NEW YORK, DEC. 8 -- Blue-chip stocks rallied impressively in the last half-hour of trading today, with the Dow Jones industrial average jumping more than 56 points on a wave of futures-related buying.

After languishing throughout most of the session and even dipping into negative territory, the Dow average of 30 industrials ended the day up 56.20 points at 1868.37, a rise of 3.1 percent. That was the average's eighth-largest point gain and gave it a rise of more than 101 points in two days.

On foreign exchange markets, the dollar drifted lower against most major currencies today in light trading. Gold prices edged higher; Republic National Bank of New York quoted the metal at $482.90 a troy ounce at 4 p.m., up from $481 late Monday.

Analysts said foreign-exchange trading was quiet for the second day in a row as some traders closed their books for the year and others waited for U.S. trade figures due out Thursday.

In Tokyo, where the trading day begins, the dollar rose, closing at 132.78 yen. Later, in London, it dipped to 132.73 yen. In New York, the dollar was quoted at 132.64 yen in late trading, down from 132.985 late Monday.

On Wall Street, gainers outpaced losers by a 5 to 2 ratio on the New York Stock Exchange, with 1,142 stocks up, 465 down and 371 unchanged.

Analysts said futures buying triggered the big push upward in the Dow average. With less than 30 minutes to go, computer-guided futures programs kicked in to dump futures contracts and buy the underlying stocks.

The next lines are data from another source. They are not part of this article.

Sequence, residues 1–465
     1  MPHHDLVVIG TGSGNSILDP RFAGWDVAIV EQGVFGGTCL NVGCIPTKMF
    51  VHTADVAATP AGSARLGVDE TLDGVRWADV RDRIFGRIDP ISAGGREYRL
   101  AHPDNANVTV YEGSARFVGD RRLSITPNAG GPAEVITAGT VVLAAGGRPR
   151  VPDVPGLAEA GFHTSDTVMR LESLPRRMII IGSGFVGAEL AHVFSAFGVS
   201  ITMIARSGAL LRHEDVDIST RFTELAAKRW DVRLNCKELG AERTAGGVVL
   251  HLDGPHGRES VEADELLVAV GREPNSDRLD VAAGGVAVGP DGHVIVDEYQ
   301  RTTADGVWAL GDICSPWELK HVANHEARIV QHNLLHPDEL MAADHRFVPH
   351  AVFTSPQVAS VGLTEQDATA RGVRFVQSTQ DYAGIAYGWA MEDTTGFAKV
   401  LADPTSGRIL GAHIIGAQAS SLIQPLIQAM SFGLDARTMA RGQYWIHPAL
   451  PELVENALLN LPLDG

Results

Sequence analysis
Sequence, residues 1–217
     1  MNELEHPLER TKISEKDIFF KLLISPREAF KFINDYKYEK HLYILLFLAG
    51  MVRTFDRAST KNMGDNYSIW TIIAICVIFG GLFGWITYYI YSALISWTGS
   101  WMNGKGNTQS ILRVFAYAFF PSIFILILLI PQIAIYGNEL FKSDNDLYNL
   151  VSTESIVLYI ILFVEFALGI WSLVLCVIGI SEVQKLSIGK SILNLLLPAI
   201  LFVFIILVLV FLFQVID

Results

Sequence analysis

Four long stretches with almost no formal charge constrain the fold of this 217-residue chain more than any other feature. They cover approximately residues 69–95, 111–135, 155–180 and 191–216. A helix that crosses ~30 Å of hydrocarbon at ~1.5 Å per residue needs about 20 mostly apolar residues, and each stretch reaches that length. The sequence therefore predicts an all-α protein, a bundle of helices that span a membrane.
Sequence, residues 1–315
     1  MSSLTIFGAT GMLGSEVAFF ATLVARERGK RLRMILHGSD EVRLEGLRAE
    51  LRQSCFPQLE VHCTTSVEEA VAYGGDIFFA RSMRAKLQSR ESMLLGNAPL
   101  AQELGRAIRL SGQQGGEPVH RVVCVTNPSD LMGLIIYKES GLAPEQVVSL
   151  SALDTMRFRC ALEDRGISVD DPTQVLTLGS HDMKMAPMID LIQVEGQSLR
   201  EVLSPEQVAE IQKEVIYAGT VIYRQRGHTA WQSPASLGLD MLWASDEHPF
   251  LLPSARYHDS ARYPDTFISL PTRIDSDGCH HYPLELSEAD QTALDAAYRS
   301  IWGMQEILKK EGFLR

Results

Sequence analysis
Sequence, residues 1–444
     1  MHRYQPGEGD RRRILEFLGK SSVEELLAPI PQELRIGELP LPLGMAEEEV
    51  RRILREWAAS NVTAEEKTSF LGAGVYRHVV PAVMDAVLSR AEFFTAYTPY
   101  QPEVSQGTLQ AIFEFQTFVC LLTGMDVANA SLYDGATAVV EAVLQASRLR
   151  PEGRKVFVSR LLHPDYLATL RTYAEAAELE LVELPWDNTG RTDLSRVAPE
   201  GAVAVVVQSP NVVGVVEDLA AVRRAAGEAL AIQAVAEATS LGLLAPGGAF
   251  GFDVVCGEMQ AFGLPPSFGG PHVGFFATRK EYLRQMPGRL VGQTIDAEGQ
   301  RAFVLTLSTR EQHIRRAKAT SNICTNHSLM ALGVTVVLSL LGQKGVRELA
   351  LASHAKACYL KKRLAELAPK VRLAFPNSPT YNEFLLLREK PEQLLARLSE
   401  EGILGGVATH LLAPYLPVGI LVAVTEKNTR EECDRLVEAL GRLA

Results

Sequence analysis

"Futures are running this market," said Jack Barbanel, an analyst with Gruntal & Co. "I don't see anything fundamentally positive" that could account for the leap in equities prices.

Analysts were quick to characterize the rally as healthier than Monday's advance, which was confined mainly to the bluest of the blue chips. "There was breadth in {this} rally," said Philip Puccio, a senior vice president at Dillon, Read & Co.

In addition, Puccio noted that some institutional investors also went shopping for equities. That made the day's gain "a little better than a technical rally," he said.

Analysts like to see a rally accompanied by high volume and broad-based gains before they concede that an advance could be the harbinger of longer-term gains.

Big Board volume totaled 227.31 million shares, up sharply from 146.66 million on Monday, but 62.3 million of those shares involved purchases of just two stocks to lock in high-yield dividends, analysts noted.

Last week the Dow approached the lows hit during the October market drop. The big question this week was whether the market's key index would test the 1700 barrier.

There was considerable strength in oil companies, where Chevron was up 2 to 39 1/4, Exxon was up 2 1/4 to 39 7/8, and Texaco gained 3/4 to 33 5/8. Financier Carl Icahn said in a Securities and Exchange Commission filing that he might seek to increase his stake in Texaco to 25 percent.

Among other gaining blue-chip issues, IBM rose 2 to 111 1/2, Procter & Gamble jumped 3 3/4 to 83 3/4, Philip Morris rose 3 1/4 to 89 7/8, and United Technologies rose 2 1/8 to 32 3/4.

Losing issues included Federal Express, which lost 1 7/8 to 38 1/8, and Pan Am, down 1/8 to 3 1/2.

Nationwide turnover in NYSE-listed issues, including trades in those stocks on regional exchanges and in the over-the-counter market, totaled 259.54 million shares.

The NYSE index rose 3.19 to 131.42. Standard & Poor's index of 400 industrials rose 6.17 to 228.81, and S&P's 500-stock composite index was up 6.15 to 234.91.

At the American Stock Exchange, the market value index rose 3.54 to 236.57. The Nasdaq composite index for the over-the-counter market closed at 297.96, up 3.19.